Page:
<script type="text/javascript" src="js/sm.progress.js"></script>
        <script type="text/javascript" src="js/sm.clickme.js"></script>
        <script type="text/javascript" src="js/sm.bootstrapper.js"></script>
    </body>
</html>
Here notice line:

<div data-bind="with: window.SM.Bootstrapper.myModel">

Namespaces:

/*global window*/
window.SM = window.SM || {};
window.SM.Bootstrapper = window.SM.Bootstrapper || {};
window.SM.Progress = window.SM.Progress || {};
window.SM.ClickMe = window.SM.ClickMe || {};

sm.progress.js:

/*global window, ko*/
(function (ns) {
    "use strict";
    function Progress() {
        var self = this;

        self.progressValue = ko.observable(10);
        self.progressMax = ko.observable(100);
    }

    ns.Progress = Progress;
}(window.SM));

sm.clickme.js:

/*global window*/
(function (ns) {
    "use strict";
    function ClickMe() {
        var self = this;
        self.clickMe = function () {
            ns.Bootstrapper.myModel.myProgress.progressValue(100);
        };
    }

    ns.ClickMe = ClickMe;
}(window.SM));

sm.bootstrapper.js:

/*global ko, window, myProgress*/
(function myBootStrap(ns) {
    "use strict";
    var init = function () {
        var myClickMe = new window.SM.ClickMe(),
            myModel,
            myProgress;

        myProgress = new window.SM.Progress();

        myModel = {
            myProgress: myProgress,
            myClickMe: myClickMe
        };

        ns.Bootstrapper.myModel = myModel;

        ko.applyBindings(myModel);
    };
    ns.Bootstrapper = {init: init};
}(window.SM));

window.SM.Bootstrapper.init();
Here notice line:

ns.Bootstrapper.myModel = myModel

with that line I created myModel global variable which belongs to Bootstrapper namespace, and because it is global I can use it in binding as I showed at beginning.

Example download from here, or see it in action:


---
One more example. Javascript part will remain same, only HTML part will look like this:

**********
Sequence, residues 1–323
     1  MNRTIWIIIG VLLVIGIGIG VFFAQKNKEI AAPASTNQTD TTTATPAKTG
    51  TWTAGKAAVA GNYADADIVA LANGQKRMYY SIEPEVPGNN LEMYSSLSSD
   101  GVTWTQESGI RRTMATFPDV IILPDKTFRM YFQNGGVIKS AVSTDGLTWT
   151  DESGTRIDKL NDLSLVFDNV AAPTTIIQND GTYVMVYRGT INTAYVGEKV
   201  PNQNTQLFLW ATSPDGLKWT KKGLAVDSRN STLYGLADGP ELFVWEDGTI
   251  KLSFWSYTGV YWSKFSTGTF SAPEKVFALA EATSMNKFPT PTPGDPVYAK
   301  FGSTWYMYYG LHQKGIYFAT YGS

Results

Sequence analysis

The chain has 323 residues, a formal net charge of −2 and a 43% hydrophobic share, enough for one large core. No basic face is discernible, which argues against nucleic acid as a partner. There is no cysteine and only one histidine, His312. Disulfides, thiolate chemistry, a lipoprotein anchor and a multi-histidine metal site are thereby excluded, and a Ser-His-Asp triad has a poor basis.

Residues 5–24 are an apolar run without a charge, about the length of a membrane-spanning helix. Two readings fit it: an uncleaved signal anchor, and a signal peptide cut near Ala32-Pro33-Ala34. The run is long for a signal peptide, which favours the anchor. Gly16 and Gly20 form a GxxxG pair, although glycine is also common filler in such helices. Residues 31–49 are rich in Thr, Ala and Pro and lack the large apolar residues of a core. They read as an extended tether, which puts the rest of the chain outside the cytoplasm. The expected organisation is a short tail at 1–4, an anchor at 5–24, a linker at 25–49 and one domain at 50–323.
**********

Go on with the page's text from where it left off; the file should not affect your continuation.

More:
<!DOCTYPE html>
<html>
<head lang="en">
    <meta charset="UTF-8">
    <title></title>
</head>
    <body>
        <span data-bind="template: {name: 'myParentProgressTemplate'}"></span>
        <span data-bind="template: {name: 'myParentClickTemplate'}"></span>
		
		<script type="text/html" id="myProgressTemplate">
            <progress data-bind="attr: {max: progressMax, value: progressValue}"></progress>
		</script>
		
		<script type="text/html" id="myClickTemplate">
			<button data-bind="click: clickMe">Click Me!</button>
		</script>
		
		<script type="text/html" id="myParentProgressTemplate">
			<span data-bind="template: {name: 'myProgressTemplate', data: myProgress}"></span>
		</script>

		<script type="text/html" id="myParentClickTemplate">
			<span data-bind="template: {name: 'myClickTemplate', data: myClickMe}"></span>
		</script>		

        <script type="text/javascript" src="lib/knockout-3.3.0.js"></script>

        <script type="text/javascript" src="/js/sm.namespaces.js"></script>
        <script type="text/javascript" src="/js/sm.progress.js"></script>
        <script type="text/javascript" src="/js/sm.clickme.js"></script>
        <script type="text/javascript" src="/js/sm.bootstrapper.js"></script>
    </body>
</html>
Here notice "parent" template, I name it like this, because that template will take class to which other classes belong to, in my case that is like myClickMe.clickMe, or myProgress.progressMax, it these cases "parent" classes are myClickMe and myProgress. So, notice data: myClickMe and data: myProgress.
Example download from here.